Friday, November 8, 2013

Imagine


A few weeks ago, protestors at Brown University disrupted a speech by NYPD Commissioner Ray Kelly and forced him from the stage.  It was a sad day for the great liberal values that make America and its elite universities great.  It didn’t have to be that way.

As the protestors shout down Kelly, a lone pale figure dressed in tweed stands quietly.  He approaches the loudest, angriest protestor and says, “I, too, abhor, police tactics that disproportionately target minorities. But you know what I abhor even more? Incivility! Have you just tried talking to Ray Kelly?”

The loud, angry protestor is taken aback. The man in tweed has touched something deep inside him. He gives one last shout, but this time it’s directed at his comrades, not the stage, “I think we should listen to what the Commissioner has to say.”

One by one, the protestors sit down. This time it’s Ray Kelly’s turn to be stunned. “You’ve taught me quite a lesson here today,” he says. “You had the power, but instead of using it to suppress me, you wielded it wisely and fairly.  I had a lecture prepared but you know what, I’d rather listen to you!”

Once again, the protestors rise to recite their grievances against Kelly and the NYPD. But this time, they do in an orderly fashion. They wait in line for the microphone. They address Kelly as “sir.” They hand him pamphlets with beautiful fonts.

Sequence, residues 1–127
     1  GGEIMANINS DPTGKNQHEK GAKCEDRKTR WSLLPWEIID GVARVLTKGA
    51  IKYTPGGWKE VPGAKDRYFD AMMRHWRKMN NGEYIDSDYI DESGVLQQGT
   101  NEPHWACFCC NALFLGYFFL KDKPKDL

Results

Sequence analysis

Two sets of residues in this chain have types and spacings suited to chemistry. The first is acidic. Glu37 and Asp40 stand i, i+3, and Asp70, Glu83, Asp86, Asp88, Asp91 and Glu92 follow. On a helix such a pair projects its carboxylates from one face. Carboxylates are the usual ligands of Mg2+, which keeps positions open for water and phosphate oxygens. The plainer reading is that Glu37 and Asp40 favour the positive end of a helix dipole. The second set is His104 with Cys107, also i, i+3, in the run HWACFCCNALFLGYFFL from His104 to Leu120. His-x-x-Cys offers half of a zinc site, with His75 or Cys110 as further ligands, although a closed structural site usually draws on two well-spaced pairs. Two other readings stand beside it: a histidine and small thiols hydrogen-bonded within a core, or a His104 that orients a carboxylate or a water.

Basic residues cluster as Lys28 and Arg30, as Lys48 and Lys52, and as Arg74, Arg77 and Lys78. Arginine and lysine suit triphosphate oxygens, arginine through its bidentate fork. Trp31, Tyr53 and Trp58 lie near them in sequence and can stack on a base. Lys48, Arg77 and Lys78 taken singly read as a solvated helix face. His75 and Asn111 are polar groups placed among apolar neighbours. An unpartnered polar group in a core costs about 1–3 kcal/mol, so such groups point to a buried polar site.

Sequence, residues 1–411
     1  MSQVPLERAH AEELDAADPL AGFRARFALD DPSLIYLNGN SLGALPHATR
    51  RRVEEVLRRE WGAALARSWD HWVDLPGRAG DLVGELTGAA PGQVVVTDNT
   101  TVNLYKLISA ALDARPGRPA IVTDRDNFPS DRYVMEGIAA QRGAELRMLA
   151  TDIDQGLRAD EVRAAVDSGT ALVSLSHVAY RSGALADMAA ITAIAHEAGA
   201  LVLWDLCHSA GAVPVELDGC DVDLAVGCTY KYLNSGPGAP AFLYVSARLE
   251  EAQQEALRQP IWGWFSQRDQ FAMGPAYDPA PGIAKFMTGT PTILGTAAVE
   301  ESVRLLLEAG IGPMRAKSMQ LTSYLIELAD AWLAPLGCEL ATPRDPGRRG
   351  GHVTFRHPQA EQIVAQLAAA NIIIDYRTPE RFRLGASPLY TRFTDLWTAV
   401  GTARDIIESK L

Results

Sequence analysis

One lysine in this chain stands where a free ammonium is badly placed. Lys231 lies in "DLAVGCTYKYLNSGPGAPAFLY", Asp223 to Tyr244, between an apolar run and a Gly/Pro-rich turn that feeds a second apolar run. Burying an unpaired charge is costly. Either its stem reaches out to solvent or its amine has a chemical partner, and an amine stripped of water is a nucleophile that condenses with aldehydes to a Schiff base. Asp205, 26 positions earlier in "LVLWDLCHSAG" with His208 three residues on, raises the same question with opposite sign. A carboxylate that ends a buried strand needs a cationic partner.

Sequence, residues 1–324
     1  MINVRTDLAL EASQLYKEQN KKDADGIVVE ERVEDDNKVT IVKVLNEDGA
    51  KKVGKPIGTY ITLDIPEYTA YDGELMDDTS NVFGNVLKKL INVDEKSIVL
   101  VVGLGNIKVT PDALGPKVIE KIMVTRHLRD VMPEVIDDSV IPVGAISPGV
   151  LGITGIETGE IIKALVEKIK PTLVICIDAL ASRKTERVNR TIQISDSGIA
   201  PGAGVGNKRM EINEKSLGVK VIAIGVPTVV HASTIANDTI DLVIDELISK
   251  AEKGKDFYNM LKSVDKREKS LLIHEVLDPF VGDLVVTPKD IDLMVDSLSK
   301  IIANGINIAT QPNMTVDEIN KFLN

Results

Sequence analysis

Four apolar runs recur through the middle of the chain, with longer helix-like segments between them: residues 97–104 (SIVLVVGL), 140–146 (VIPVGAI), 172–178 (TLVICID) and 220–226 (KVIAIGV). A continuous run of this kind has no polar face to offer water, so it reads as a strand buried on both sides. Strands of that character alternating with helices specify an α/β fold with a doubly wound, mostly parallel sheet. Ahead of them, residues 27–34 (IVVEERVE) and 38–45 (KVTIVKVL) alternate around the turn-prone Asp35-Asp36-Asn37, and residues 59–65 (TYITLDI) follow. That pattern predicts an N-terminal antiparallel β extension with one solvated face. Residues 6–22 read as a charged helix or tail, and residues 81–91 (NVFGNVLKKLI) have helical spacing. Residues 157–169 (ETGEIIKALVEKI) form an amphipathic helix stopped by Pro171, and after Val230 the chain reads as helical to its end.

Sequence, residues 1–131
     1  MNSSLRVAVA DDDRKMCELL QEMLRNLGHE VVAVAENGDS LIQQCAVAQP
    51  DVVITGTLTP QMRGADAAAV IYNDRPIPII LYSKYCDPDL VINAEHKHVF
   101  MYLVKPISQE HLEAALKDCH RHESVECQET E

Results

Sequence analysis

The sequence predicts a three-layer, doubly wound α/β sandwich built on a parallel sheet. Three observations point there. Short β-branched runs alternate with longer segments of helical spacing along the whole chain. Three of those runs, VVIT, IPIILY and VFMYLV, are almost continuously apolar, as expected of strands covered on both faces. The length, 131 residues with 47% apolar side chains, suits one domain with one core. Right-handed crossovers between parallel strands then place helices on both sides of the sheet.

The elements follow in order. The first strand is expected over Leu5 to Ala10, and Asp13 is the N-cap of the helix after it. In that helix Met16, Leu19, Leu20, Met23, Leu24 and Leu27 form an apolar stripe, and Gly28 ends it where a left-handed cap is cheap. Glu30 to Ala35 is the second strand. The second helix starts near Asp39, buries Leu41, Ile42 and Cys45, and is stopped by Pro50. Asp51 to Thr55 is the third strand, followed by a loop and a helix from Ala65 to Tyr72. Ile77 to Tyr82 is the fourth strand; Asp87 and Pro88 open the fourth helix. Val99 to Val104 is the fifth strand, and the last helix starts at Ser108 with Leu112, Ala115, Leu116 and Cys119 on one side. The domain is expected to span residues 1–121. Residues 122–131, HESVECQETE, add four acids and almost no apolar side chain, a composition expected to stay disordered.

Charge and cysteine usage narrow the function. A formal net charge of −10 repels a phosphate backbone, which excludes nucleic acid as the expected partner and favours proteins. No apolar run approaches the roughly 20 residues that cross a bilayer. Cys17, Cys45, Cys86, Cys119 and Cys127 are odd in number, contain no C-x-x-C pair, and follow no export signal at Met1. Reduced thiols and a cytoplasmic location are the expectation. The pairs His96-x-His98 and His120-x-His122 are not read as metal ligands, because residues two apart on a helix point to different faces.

As Kelly listens to people tell him calmly and so respectfully how his police department has terrorized minority neighborhoods, tears stream down his face. “I cannot believe how wrong I was,” he wails.

“But we were wrong too,” say the former-protestors. “We should have put our faith in rational discourse.”

There is much weeping and hugging. Kelly announces, “I must call Mayor Bloomberg and tell him the NYPD must change immediately.”

Suddenly, Mayor Mike steps out from behind a tall plant. “You don’t have to call me, Ray-Ray. I heard the whole thing.  We only have a few months left in office, but let’s reform the NYPD!”

Dedicated to Conor Friedersdorf, Katha "Weak Tea" Pollitt, and that dude who rightly reminded us that we're not Theodor Adorno.

1 comment:

  1. As an aspiring celebrity leftist, I wish you had delved into the potential curative effects of a pizza party or maybe even, dare I say, passing a "dooby" around.

    ReplyDelete